Fatema was born in 1994 in eastern Iran; across the border in Afghanistan, Taliban attacks on Hazara communities increasingly looked like genocide. Thousands were slaughtered in a single episode in Mazar-i-Sharif in 1998, along with countless smaller atrocities elsewhere. In 2001, United Nations observers uncovered Hazara mass graves in Bamiyan, the province the Hosseinis had fled. (The attacks continue, as seen in a suicide bombing at a Kabul school in October that killed 53 people, mostly Hazara girls and young women.)
“Getting out of Afghanistan, part of me died there.”
Iran’s introduction of a measure that drove the cost of education out of reach for many refugees pushed the family back to Afghanistan in 2004. Thanks to the U.S.-led overthrow of the Taliban government and new international funding for girls’ education, 13-year-old Marzia and 10-year-old Fatema were free to learn in their homeland.
Masuma, who’d entered an arranged marriage with Sayed at 13 and had Marzia at 18, was determined that her own daughters would finish high school at least. When she approved a marriage proposal over her older daughter’s objections, the groom’s family (Masuma’s relatives—a common arrangement in Afghanistan) agreed to her request that the union would wait until the bride turned 18. Marzia’s real passion was English, and she soon opened a language school at home, earning a bit of money by passing along what she had learned to local children whose schools did not teach English.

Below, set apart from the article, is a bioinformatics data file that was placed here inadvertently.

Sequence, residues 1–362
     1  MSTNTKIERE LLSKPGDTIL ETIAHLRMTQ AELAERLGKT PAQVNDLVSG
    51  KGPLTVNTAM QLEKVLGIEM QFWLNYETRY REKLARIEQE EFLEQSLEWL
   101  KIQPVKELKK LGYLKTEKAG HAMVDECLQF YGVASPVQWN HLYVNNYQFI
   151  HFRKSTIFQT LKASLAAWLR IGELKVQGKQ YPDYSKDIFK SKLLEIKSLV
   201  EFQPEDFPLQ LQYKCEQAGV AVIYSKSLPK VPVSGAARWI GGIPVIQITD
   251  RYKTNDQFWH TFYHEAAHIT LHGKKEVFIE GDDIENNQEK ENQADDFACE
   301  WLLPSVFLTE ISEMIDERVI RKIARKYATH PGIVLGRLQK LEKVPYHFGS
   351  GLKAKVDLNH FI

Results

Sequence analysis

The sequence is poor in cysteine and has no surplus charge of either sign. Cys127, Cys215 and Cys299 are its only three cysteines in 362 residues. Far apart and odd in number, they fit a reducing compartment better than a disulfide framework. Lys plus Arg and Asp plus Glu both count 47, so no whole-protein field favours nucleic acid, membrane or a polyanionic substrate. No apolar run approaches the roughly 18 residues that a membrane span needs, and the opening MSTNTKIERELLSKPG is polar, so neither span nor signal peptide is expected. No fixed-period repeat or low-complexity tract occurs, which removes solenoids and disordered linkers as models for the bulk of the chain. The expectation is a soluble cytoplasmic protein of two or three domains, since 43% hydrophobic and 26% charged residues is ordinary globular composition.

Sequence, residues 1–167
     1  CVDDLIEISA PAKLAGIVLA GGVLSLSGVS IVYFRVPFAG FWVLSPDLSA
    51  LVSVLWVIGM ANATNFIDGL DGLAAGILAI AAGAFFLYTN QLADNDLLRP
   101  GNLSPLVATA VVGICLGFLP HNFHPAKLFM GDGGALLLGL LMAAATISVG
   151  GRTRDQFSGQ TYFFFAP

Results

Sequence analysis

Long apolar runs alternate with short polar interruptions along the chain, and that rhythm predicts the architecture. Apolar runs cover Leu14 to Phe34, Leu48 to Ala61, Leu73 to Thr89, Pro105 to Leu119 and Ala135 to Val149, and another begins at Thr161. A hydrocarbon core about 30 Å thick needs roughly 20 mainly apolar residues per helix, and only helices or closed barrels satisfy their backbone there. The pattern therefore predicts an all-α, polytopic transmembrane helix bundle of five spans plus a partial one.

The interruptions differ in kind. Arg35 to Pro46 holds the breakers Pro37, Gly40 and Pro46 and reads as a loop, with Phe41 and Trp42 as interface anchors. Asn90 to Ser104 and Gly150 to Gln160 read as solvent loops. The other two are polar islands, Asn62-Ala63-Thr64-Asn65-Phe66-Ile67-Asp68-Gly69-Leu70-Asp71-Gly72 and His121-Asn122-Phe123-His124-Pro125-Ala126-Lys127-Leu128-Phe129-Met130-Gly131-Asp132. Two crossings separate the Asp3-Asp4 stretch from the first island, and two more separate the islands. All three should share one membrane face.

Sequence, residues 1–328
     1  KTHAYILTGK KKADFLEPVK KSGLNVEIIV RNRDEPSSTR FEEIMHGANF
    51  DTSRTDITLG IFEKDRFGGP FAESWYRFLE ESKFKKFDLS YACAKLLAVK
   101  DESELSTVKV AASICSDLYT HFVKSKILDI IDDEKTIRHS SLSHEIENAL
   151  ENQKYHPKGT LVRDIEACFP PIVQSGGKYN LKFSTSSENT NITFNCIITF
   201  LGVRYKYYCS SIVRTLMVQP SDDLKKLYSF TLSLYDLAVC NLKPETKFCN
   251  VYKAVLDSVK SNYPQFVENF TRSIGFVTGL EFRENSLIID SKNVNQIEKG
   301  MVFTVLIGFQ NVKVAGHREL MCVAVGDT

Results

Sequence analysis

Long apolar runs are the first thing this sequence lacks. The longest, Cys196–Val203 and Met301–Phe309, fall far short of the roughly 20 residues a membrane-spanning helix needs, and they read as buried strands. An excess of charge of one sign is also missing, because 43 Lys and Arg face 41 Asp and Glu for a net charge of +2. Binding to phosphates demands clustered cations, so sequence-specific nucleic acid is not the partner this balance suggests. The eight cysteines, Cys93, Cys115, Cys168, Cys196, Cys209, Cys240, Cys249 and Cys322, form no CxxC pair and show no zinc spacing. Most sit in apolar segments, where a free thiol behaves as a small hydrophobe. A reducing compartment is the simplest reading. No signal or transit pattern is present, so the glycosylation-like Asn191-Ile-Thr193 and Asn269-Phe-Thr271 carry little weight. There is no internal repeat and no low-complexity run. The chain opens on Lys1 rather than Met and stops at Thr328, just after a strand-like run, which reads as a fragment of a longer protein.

Fatema, meanwhile, lived to shoot marbles with neighborhood boys. She was a talented student whose love of math and science competed with her fondness for goofing off in class, Marzia recalls.
Unfortunately for annoyed teachers who hoped to send her home for the day for coming unprepared, Fatema had likely already read the entire textbook and could answer every question with a smile, to classmates’ great amusement. “She’s always been bold and outspoken and so smart,” Marzia says.
GENDER WALLS AND DOORS
A few years after returning from Iran, Marzia Hosseini took an office job at the provincial governor’s office in Herat, supplementing her father’s income as a recently enlisted Afghan soldier. It allowed Fatema to enroll in a prestigious private high school in the city, but meant grueling commutes from an outlying suburb, a schedule that became still harder when she began daily, two-hour classes to prepare for college entrance exams.